Ohio spends least to fight smoking

25 percent of Ohio adults still smoke

2013 state funding for tobacco prevention programs:

1. Alaska $10.9 million

2. North Dakota $8.2 million

3. Delaware $9 million

4. Wyoming $5.4

5. Hawaii $8.9

46. Missouri $61,785

50. New Hampshire $0

50. New Jersey $0

50. North Carolina $0

50. Ohio $0

Source: Tobacco Free Kids 2012 report

Adult smokers:

1. Kentucky 29 percent

2. West Virginia 28.6 percent

3. Arkansas 27 percent

4. Oklahoma 26.1 percent

5. Mississippi 26 percent

6. Louisiana 25.7 percent

7. Indiana 25.6 percent

8. Ohio 25.1 percent

9. Missouri 25 percent

10. Alabama 24.3 percent

46. Connecticut 17.1 percent

47. Hawaii 16.8 percent

48. New Jersey 16.8 percent

49. California 13.7 percent

50. Utah 11.8 percent

Source: 2011 Behavioral Risk Factor Surveillance System, Centers for Disease Control and Prevention

Ohio ranks last in the nation, tied with three other states, for least amount of state funding for tobacco prevention programs in an annual study released this week.

Meanwhile, one in four Ohio adults smoke, putting Ohio in the top 10 with states such as Mississippi and Kentucky. Local public health advocates say state funding — any amount — would be put to good use with outreach to youth and at-risk populations.

Ohio doesn’t come close to spending the $145 million on prevention recommended by the Centers for Disease Control and Prevention. For the third year in a row, Ohio does not plan to provide any state funding for efforts against tobacco use, relying on $3.3 million in federal grants and local health districts to tackle the problem.

The study by Tobacco Free Kids, the American Lung Association and other nonprofits shows a pattern of drops in state spending on tobacco cessation and education programs. State spending peaked at 749.7 million in 2002, one year after 46 states began receiving millions from Phillip Morris and other big tobacco companies as part of a settlement to end state lawsuits.

States will collect $25.7 billion from the tobacco settlement and tobacco taxes, the report says, and less than 15 percent of this revenue would fund prevention programs in every state at the CDC-recommended levels.

But Ohio has no tobacco settlement money to spend.

In 2008, the state opted to use the settlement money to patch expanding holes in the budget. Then-Gov. Ted Strickland shuttered the Ohio Tobacco Prevention Foundation, which operated prevention programs using settlement cash, and used its $230 million toward a jobs stimulus plan.

The state traded all future settlement payments — $18 billion over 40 years — in exchange for $5.5 billion to fill an expanding hole in the state budget. Money from the bond sale went to school construction and higher education and the funds for both were exhausted in June 2012.

Local public health districts were left to pick up the bill or end services.

Kettering Medical Center received a $1 million grant from the foundation to offer a free program that helped hundreds of Miami Valley residents quit smoking. The program provided nicotine patches, gum and other quit aids free of cost and boasted a 75 percent success rate, according to past news reports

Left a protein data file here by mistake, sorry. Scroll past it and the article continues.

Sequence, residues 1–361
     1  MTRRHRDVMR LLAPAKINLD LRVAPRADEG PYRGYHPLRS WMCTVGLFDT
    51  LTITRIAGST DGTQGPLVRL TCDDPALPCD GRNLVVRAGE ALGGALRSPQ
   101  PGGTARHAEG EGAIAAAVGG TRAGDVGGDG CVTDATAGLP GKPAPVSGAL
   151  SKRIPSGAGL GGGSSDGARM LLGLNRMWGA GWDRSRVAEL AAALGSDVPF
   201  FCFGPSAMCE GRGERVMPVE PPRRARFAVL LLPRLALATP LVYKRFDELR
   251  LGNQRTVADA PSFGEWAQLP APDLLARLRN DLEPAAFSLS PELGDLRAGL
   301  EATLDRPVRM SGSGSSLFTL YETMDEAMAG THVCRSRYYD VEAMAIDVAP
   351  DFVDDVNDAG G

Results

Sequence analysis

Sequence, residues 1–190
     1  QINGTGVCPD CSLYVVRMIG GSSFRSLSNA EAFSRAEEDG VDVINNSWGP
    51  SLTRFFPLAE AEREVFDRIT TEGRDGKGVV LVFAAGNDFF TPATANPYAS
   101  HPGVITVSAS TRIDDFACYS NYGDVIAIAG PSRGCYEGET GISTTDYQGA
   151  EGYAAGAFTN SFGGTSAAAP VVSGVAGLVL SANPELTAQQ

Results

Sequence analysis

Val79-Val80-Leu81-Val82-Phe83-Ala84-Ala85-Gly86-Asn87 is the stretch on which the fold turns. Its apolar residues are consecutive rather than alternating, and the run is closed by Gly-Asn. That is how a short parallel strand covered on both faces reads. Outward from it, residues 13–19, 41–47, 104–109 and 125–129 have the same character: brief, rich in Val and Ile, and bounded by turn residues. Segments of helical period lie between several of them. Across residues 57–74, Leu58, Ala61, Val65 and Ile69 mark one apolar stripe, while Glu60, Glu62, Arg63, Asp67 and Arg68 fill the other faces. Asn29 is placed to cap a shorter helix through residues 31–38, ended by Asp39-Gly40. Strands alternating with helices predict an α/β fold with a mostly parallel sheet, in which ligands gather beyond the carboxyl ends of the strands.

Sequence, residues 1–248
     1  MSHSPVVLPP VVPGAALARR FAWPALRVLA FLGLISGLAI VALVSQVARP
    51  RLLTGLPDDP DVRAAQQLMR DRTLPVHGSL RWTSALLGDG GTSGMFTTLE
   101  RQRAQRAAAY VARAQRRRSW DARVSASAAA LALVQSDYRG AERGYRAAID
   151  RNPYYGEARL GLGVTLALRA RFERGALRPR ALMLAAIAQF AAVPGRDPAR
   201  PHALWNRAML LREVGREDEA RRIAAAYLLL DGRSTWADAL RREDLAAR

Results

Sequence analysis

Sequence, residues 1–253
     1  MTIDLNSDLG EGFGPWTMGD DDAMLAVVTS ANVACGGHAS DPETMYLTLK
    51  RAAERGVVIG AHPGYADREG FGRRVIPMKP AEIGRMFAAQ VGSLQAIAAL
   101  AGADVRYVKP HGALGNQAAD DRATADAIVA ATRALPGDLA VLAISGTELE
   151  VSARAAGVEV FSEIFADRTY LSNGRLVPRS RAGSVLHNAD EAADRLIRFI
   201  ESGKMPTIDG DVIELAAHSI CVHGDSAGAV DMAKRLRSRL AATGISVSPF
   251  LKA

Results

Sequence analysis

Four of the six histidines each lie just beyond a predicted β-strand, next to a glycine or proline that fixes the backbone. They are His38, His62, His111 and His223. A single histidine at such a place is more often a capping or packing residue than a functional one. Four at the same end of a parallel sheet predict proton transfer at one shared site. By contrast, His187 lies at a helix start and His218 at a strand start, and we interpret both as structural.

Bruce Barcelo, the district healthy communities manager for the Dayton-Montgomery Public Health District, said quit rates are 50 percent higher with medical help but providers don’t have the money to include it.

“Really, you need both to have the biggest quit impact and right now there’s not the funding,” Barcelo said. “We do counseling, but they’re responsible for purchasing whatever type of quit aid.”

Montgomery County received $78,624 in state funding in 2004 and spent another $13,519 from the human services levy revenues toward tobacco prevention. This year, the county spent $113,000, all from the human services levy.

The Ohio Department of Health held onto about $40 million, of which only $1.5 million remains, according to department spokesperson Tessie Pollock. The $1.5 million funds the state telephone quit line, which Pollock said has been scaled back due to loss of funding and now covers only unemployed, uninsured or pregnant Ohioans.

Barcelo and others have suggested the state raise tobacco taxes, currently $1.25 per pack of 20 cigarettes and 17 percent of wholesale cost for other tobacco products.

Ohio still receives about $800 million each year from taxes on cigarettes, cigars and other tobacco products, according to the state Office of Budget and Management. Tobacco tax revenue goes to the General Revenue Fund, the state’s primary account that funds education, law enforcement and other public services.

Barcelo said raising the other tobacco tax to the same level as the cigarette tax would generate $50 million each year, and a small percentage could improve tobacco prevention statewide.

“We spend zero state dollars when there’s a constant flow of revenue from tobacco tax — it’s inexcusable,” Barcelo said.

Clark County Combined Health District used a prevention fund grant to employ two full-time staff members who visited every third- and fourth-grade classroom in Clark County. Anita Biles, a district health educator, said Ohio’s indoor smoking ban has helped reduce smoking, but it’s not enough to stop smoking.

“We have the enforcement piece, but when you take away the education and prevention piece, it just kind of leaves you empty,” Biles said.

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